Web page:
Eveland becomes FA, but likely to return to Rays

Eveland becomes FA, but likely to return to Rays

ST. PETERSBURG -- Dana Eveland has elected to become a free agent, but he said he expects to re-sign with the Rays.

"That's the plan," said Eveland, a veteran left-handed reliever, noting that he should soon be back in the fold with the team.

The Rays outrighted Eveland on Friday after he went 0-1 with a 9.00 ERA in 33 games this season.

Eveland dominated while at Triple-A Durham, posting a 1-0 record with a 0.30 ERA in 20 appearances.

Worth noting
• Kevin Barr, the Rays' longtime strength and conditioning coach, will not be back with the team next season. Barr said the team told him they have decided to go in another direction.

"It's all good," said Barr regarding the move. "I don't regret any of my time with the team. It's a great organization, great people."

Barr had occupied the position since December 2002.

• Rays players, alumni, coaches, employees and season-ticket holders will all participate in the American Heart Association's Tampa Bay Heart Walk on Nov. 12 at Raymond James Stadium.

The Heart Walk is the American Heart Association's signature fundraising event. The event promotes physical activity and a healthy lifestyle, and its proceeds go toward saving lives from heart disease and stroke -- the No. 1 and No. 5 causes of death in U.S. adults.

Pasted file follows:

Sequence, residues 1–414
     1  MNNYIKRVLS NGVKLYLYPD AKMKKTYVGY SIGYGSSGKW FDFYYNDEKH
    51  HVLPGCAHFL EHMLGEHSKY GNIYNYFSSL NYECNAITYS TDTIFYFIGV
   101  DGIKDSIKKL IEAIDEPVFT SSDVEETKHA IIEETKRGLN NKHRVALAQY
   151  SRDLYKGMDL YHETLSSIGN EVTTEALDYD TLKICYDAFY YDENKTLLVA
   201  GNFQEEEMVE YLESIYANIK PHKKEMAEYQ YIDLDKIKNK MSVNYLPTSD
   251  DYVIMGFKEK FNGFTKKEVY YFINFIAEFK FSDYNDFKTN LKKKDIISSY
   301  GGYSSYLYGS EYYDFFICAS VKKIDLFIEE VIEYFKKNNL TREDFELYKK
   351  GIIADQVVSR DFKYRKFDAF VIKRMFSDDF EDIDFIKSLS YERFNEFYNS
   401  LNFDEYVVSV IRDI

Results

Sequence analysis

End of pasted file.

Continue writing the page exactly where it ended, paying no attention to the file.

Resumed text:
The Rays are walking in support of four members of the organization's family who have survived heart-related health issues. The team's chief business officer Jeff Cogen survived a 2005 heart attack and purchasing coordinator Mike Yodis suffered a heart attack last December. Lee Ann Nelson, wife of Rays coach Jamie Nelson, has survived multiple heart attacks. Camden Cash, eldest daughter of Rays Manager Kevin Cash and his wife, Emily, underwent open heart surgery in 2007 when she was only 17 months old.

"It is heartwarming to see the Rays provide such support for Lee Ann, Mike, the Cash family and me," Cogen said. "It is that kind of emotional support that is so important to the survivors and their families. We are all grateful to serve an organization that cares deeply about the health and well-being of its employees, and one that supports many community partners like the American Heart Association."

Bill Chastain has covered the Rays for MLB.com since 2005. This story was not subject to the approval of Major League Baseball or its clubs.